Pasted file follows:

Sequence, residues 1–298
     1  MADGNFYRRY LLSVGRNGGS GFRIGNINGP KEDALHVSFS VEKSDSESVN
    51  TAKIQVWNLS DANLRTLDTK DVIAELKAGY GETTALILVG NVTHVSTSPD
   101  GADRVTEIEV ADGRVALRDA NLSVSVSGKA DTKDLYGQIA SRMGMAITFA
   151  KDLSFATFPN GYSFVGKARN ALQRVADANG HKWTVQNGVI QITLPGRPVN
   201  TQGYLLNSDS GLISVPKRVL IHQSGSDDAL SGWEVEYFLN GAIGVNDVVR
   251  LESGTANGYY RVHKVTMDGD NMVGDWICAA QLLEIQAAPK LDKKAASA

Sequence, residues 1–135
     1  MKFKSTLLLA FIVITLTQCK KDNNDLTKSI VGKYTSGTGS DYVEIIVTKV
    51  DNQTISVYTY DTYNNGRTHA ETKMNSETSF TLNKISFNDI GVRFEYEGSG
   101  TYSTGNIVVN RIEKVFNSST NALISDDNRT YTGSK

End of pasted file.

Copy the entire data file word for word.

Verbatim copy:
Sequence, residues 1–298
     1  MADGNFYRRY LLSVGRNGGS GFRIGNINGP KEDALHVSFS VEKSDSESVN
    51  TAKIQVWNLS DANLRTLDTK DVIAELKAGY GETTALILVG NVTHVSTSPD
   101  GADRVTEIEV ADGRVALRDA NLSVSVSGKA DTKDLYGQIA SRMGMAITFA
   151  KDLSFATFPN GYSFVGKARN ALQRVADANG HKWTVQNGVI QITLPGRPVN
   201  TQGYLLNSDS GLISVPKRVL IHQSGSDDAL SGWEVEYFLN GAIGVNDVVR
   251  LESGTANGYY RVHKVTMDGD NMVGDWICAA QLLEIQAAPK LDKKAASA

Sequence, residues 1–135
     1  MKFKSTLLLA FIVITLTQCK KDNNDLTKSI VGKYTSGTGS DYVEIIVTKV
    51  DNQTISVYTY DTYNNGRTHA ETKMNSETSF TLNKISFNDI GVRFEYEGSG
   101  TYSTGNIVVN RIEKVFNSST NALISDDNRT YTGSK